ERIC Educational Resources Information Center

    Greene, Michelle M.; Patra, Kousiki; Nelson, Michael N.; Silvestri, Jean M.

    2012-01-01

    This study investigates the Third Edition of the Bayley Scales of Infant and Toddler Development (Bayley-III) and: (1) early patterns of neurodevelopmental performance among preterm infants 8-12 months of age; and (2) correlations between known risk factors and neurodevelopmental outcome of preterm infants in this cohort. Mean Language Index (LI;…

  16. Temperature Probe Placement during Preterm Infant Resuscitation: A Randomised Trial.

    PubMed

    Bensouda, Brahim; Mandel, Romain; Mejri, Abdelwaheb; Lachapelle, Jean; St-Hilaire, Marie; Ali, Nabeel

    2017-09-22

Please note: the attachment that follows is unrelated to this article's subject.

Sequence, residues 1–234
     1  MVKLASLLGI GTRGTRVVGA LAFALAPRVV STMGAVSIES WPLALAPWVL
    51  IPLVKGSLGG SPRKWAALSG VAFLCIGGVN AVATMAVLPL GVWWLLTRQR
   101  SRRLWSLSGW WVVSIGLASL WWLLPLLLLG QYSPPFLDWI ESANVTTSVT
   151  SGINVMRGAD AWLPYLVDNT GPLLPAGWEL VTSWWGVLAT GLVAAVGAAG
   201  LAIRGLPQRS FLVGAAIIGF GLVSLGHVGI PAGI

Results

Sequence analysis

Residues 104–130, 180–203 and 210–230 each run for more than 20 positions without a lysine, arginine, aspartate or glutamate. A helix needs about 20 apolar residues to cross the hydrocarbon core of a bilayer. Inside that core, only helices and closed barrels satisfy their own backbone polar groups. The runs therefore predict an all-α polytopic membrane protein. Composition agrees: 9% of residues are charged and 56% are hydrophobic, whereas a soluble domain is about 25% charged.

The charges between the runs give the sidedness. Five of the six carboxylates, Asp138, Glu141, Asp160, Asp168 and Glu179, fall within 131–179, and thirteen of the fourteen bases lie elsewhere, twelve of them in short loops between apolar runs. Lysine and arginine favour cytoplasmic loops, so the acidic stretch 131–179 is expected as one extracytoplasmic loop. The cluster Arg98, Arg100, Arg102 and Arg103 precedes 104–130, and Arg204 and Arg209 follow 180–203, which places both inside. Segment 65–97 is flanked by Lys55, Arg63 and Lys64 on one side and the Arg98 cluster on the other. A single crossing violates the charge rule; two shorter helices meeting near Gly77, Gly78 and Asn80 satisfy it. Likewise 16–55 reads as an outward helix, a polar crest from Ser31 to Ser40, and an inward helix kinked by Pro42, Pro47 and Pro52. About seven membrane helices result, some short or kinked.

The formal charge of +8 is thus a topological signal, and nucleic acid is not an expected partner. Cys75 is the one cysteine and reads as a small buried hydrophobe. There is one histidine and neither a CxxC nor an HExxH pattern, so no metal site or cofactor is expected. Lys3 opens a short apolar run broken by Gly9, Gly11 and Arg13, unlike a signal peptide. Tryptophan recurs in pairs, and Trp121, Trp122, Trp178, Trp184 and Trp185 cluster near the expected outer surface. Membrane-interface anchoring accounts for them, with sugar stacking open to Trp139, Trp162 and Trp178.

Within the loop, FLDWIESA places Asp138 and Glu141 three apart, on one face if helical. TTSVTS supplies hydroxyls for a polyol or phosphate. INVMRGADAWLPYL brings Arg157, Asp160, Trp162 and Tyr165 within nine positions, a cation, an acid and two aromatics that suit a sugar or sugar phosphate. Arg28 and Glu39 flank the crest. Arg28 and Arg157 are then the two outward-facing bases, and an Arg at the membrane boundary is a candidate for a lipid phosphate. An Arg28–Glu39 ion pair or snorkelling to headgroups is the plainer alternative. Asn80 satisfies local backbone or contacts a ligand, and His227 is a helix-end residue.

Hypothermia on admission to intensive care is associated with poor outcomes in preterm infants. The neonatal resuscitation program recommends the use of servo-control thermoregulation during resuscitation. Very little evidence exists to guide optimal temperature probe placement in the delivery room. The aim of this work was to determine, in moderately preterm infants, if temperature probe placement in the dorsal, thoracic, or axillary area during delivery room resuscitation would result in differing temperatures on admission to the neonatal intensive care unit (NICU). A randomised trial with 3 arms was conducted. In total, 122 inborn preterm infants born between 280/7 and 356/7 weeks of gestational age were recruited. The infants were randomly assigned to thermal probe placement in the left lower back, left upper thorax, or left axilla immediately after birth. Temperature was servo-controlled using an infant resuscitation table set to 36.5°C. The primary outcome was axillary temperature at admission to the NICU before transfer to a closed isolette, recorded with a digital thermometer. The secondary outcomes assessed were temperature within the target range (36.5-37.5°C), hypothermia (<36.5°C), and hyperthermia (>37.5°C). All 122 infants were available for outcome analysis. The groups were comparable for birthweight, gestational age, and sex. The mean admission temperature was comparable between the 3 probe positions (mean, 95% CI): dorsum (36.7°C, 36.6-36.8), thorax (36.8°C, 36.7-36.9), and axilla (36.7°C, 36.6-36.9), p = 0.43. The proportion of infants with admission temperatures in the target range was comparable (87.2, 81.4, and 72.5% respectively), p = 0.44. Dorsal, thoracic, or axillary temperature probe positioning during resuscitation yield similar admission temperatures in moderately preterm infants. Further studies are required in infants below 28 weeks of gestation to determine the best practice. © 2017 S. Karger AG, Basel.